Graphene has recently attracted a great deal of interest due
to its excellent electronic transport properties and its
geoemtrical smallness that allows realizing ultimately scaled
field-effect transistors without loosing electrostatic integrity.
We fabricate buried triple- and multi-gate structures that enable
studying e.g. graphene nanoribbons, bilayer graphene
as well as alternative 2D systems in a field-effect transistor configuration.
Multilayer structures consisting of Si/SiO2 are used in 3rd generation solar cells. Quantum confinement in the Si layers is used to tune the effective band gap to the desired size enabling an absorption of UV light while minimizing relaxation losses at the same time. The transmission electron micrograph clearly shows that continuous layers of Si and SiO2 with thicknesses down to 3nm can be grown.
Tunnel FETs (TFET) with a superior switching behavior have been intensively investigated in recent years since they allow realizing energy efficient logic circuits. Optimization of the device performance is studied both experimentally as well as with simulations at our institute. The image shows the local density of states in a TFET enabling a high tunneling current to flow from source to the channel. .
The surface of solar cells is usually textured in order to suppress specular reflection of incident light yielding a significantly improved light to electricity conversion efficiency. The image shows a scanning electron micrograph of a typical texturing of a crystalline silicon solar cell.
September 27, 2013
In addition to an extension of an existing project on graphene-based band-to-band tunnel field-effect transistors, the DFG has granted the project “Strained graphene field-effect transistors – A nano-electro-mechanical transistor with MOSFET-like on currents and superior switching behavior”. The project starts at the end of 2013 and will run for the next three years.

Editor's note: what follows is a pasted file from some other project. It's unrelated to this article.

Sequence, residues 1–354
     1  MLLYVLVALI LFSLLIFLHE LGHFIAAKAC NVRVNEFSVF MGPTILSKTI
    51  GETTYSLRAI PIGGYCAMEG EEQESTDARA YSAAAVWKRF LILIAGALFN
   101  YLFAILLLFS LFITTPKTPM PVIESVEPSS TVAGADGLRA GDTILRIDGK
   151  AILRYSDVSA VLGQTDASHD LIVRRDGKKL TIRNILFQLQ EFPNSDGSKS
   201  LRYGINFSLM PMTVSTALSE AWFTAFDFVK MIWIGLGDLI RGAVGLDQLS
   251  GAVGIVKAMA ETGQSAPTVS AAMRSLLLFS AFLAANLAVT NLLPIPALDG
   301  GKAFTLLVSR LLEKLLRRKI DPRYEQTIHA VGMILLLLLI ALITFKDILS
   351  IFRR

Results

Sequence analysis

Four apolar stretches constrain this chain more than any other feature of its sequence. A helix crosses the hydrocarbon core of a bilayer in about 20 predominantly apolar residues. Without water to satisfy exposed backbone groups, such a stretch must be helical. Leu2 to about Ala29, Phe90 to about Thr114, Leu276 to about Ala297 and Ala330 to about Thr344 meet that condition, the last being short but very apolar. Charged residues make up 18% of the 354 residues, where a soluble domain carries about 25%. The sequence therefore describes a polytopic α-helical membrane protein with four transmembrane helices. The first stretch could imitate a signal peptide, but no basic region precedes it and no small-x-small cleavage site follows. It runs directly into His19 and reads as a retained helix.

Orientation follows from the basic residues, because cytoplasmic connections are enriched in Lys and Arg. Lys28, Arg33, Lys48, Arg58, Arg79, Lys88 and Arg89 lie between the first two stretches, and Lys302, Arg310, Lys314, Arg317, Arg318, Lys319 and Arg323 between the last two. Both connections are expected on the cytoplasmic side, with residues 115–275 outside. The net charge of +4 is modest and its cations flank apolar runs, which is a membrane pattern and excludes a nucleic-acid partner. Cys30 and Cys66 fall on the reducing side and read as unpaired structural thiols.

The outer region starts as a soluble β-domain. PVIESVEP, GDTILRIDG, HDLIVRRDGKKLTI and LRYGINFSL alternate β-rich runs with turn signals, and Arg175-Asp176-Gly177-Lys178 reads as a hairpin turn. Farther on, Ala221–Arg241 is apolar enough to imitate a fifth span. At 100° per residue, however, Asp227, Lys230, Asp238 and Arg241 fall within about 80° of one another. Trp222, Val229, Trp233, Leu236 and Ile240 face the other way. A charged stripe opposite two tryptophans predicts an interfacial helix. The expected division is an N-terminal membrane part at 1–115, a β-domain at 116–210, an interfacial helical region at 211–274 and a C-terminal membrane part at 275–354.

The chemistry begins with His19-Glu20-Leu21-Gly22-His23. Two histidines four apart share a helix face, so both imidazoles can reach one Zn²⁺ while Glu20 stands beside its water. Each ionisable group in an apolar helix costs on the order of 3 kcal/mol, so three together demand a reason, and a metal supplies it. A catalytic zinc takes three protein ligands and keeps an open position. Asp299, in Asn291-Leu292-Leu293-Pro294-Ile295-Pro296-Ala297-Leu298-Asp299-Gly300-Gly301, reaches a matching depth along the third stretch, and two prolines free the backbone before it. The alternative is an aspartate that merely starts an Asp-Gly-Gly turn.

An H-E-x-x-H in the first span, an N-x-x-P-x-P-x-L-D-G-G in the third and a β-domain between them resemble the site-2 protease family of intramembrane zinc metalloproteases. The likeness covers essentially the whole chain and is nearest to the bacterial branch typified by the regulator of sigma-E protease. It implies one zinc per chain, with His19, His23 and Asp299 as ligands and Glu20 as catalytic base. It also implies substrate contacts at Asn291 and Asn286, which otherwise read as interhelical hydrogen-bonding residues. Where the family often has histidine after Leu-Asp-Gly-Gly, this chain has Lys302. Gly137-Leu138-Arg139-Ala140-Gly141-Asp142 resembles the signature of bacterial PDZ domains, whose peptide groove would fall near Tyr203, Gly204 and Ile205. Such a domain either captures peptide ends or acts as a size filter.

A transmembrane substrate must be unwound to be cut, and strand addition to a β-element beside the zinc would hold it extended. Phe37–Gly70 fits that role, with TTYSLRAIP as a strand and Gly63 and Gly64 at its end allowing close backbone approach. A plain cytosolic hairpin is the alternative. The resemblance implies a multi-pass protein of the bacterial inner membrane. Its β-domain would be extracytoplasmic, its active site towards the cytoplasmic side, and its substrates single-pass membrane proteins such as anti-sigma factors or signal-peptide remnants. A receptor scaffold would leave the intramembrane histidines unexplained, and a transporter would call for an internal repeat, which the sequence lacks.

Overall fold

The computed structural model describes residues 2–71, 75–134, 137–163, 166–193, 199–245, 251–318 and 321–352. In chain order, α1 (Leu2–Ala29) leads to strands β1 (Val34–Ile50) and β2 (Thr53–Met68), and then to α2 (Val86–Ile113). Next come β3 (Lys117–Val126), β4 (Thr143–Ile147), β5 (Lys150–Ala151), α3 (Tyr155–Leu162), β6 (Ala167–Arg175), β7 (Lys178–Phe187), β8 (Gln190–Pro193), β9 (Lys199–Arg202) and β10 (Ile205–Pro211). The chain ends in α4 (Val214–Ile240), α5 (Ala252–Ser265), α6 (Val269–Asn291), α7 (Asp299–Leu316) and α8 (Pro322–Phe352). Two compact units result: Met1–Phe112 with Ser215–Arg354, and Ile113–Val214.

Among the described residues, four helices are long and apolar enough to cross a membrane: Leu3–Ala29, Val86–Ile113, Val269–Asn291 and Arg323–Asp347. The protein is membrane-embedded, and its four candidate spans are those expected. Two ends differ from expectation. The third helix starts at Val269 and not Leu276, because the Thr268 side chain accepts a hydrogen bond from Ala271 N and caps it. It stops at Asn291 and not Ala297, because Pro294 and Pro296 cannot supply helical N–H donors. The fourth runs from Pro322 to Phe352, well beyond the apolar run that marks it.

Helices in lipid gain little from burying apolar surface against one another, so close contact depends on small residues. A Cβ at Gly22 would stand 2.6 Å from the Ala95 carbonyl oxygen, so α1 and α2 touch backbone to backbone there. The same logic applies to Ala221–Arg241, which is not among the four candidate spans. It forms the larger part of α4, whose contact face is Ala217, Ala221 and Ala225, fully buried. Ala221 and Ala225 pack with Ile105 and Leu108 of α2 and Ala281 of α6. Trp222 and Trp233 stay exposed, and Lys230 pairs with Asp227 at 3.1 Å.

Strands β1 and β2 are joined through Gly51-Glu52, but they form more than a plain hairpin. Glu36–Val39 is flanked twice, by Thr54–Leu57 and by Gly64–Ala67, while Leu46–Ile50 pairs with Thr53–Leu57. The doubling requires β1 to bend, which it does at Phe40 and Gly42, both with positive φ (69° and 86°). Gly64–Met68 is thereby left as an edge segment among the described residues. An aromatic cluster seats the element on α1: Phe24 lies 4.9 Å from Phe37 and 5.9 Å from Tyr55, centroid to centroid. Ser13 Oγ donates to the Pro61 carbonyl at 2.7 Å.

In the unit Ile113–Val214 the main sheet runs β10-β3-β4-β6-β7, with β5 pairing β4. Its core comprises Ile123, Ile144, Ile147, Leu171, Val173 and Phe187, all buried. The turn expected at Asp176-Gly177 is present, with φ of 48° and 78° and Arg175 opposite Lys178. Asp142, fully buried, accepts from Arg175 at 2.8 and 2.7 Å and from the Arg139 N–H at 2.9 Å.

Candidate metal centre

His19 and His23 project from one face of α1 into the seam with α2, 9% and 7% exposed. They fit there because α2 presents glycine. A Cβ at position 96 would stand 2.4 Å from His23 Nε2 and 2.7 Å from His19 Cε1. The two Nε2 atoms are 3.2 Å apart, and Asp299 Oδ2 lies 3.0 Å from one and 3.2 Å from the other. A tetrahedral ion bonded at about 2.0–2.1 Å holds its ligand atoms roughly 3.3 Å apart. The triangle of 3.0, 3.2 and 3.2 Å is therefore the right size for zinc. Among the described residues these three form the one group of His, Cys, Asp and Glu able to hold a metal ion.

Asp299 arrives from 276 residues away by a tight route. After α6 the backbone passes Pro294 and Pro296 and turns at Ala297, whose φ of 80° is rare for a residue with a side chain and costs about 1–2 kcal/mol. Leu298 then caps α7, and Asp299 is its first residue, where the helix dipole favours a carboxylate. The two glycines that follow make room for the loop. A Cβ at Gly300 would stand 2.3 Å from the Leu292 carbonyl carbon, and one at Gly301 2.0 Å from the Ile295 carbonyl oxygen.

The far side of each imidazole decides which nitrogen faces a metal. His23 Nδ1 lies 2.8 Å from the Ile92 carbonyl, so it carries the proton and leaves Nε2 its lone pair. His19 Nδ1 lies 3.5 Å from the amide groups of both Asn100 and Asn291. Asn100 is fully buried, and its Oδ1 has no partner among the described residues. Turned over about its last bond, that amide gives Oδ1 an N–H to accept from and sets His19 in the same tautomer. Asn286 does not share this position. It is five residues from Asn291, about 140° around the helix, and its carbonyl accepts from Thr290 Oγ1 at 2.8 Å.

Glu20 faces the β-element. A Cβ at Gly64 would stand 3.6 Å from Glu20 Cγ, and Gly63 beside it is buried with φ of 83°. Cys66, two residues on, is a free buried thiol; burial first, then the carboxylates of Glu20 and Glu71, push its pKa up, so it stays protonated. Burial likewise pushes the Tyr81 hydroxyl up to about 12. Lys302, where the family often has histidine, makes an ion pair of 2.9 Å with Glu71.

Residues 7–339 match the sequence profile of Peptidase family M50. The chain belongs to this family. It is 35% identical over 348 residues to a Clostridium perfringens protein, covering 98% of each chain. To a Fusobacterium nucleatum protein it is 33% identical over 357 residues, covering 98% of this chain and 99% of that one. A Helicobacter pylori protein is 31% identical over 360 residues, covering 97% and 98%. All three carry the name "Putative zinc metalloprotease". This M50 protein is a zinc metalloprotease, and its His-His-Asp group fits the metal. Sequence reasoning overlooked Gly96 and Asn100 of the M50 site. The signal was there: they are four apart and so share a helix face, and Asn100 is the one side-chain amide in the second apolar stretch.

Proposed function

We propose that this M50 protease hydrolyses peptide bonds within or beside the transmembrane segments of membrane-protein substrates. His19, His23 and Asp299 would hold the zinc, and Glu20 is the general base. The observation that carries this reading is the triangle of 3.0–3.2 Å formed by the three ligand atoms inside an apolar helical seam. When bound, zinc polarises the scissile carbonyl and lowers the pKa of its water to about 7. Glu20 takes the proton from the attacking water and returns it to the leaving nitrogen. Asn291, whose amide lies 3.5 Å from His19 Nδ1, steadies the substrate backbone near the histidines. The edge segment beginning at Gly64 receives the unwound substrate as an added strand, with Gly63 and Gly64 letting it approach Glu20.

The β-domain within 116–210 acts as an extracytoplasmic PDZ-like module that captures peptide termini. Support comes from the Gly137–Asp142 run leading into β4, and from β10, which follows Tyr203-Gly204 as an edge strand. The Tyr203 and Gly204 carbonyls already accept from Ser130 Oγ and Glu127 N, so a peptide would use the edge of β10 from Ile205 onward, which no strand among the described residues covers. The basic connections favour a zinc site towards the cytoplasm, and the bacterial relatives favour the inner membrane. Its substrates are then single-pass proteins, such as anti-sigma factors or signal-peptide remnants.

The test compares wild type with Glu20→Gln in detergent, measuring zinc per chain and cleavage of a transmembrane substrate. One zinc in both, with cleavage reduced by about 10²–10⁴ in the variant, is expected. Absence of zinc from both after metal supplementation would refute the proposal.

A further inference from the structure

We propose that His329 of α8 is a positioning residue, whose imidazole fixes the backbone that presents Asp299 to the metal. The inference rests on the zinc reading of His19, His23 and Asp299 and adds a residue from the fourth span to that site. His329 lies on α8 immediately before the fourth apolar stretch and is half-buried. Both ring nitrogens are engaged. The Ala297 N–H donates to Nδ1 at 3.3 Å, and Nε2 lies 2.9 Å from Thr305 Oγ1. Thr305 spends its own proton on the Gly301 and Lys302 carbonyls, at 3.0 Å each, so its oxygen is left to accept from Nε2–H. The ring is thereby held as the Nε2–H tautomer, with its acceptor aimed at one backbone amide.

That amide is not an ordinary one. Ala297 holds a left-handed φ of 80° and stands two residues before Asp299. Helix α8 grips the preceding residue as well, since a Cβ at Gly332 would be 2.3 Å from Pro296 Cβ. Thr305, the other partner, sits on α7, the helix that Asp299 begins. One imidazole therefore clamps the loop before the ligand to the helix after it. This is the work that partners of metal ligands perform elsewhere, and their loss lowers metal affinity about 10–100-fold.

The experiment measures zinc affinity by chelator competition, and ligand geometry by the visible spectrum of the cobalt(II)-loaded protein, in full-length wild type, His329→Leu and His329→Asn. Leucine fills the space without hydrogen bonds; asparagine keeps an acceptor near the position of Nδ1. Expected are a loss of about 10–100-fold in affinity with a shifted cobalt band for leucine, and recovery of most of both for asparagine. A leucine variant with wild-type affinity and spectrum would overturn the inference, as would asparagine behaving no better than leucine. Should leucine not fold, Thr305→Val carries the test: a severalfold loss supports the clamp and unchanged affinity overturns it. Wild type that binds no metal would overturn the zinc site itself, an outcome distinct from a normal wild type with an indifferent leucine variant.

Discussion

The new project „Cantilever-field-effect transistors for the quantitative and qualitative detection of gases” aims at the realization of cantilever sensors that are based on a novel way of electronic read-out of the sensors. This novel way enables a direct integration into digital circuits without the need for an ADC. In addition, no actuator is necessary for the cantilevers strongly reducing the complexity and hence enabling the integration of a large number of cantilevers into a sensor system. The project starts in October 2013 and runs for three years.
The German ministry of education and research (BMBF) funds the new project „Ultra Low Power Electronics with Tunnel-Field-Effekt Transistors (for 0.25 Volt) “. The project targets highly energy-efficient nanoelectronics systems by combining so-called band-to-band tunnel field-effect transistors (TFETs) together with TFET sensors in dedicated circuits. TFETs have recently attracted a great deal of attention and are considered as the premier device concept for energy-autonomous/mobile applications since they potentially enable a drastic reduction of the static and dynamic power consumption of integrated circuits due to their particular switching behavior relying on the quantum mechanical tunneling process.
The project started in July 2013 and runs for three years.
May 23, 2012
In this work we report for the first time on successful direct contacting of high sheet resistance emitter at 100 Ohm/sq by emitter profile manipulation. The formation of lightly doped emitter via POCl3 diffusion was investigated and optimized by the variation of temperature, time and gas … Read More...